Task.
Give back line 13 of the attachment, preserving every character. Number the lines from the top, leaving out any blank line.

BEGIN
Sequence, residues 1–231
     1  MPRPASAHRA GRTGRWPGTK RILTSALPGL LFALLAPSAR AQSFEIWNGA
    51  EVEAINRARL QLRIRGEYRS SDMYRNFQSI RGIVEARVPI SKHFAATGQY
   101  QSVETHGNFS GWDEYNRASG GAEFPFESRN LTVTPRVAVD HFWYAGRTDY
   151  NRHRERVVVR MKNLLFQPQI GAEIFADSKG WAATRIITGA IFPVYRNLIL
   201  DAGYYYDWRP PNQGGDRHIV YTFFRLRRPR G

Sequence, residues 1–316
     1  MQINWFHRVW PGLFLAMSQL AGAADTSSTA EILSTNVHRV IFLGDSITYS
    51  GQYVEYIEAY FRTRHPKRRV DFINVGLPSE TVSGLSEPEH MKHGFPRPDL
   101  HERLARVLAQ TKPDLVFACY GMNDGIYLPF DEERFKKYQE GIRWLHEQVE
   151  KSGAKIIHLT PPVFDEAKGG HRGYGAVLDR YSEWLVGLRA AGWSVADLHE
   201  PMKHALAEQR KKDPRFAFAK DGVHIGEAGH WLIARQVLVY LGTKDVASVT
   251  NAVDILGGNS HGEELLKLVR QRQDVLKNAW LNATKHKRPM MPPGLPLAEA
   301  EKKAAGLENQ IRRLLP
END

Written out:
   251  NAVDILGGNS HGEELLKLVR QRQDVLKNAW LNATKHKRPM MPPGLPLAEA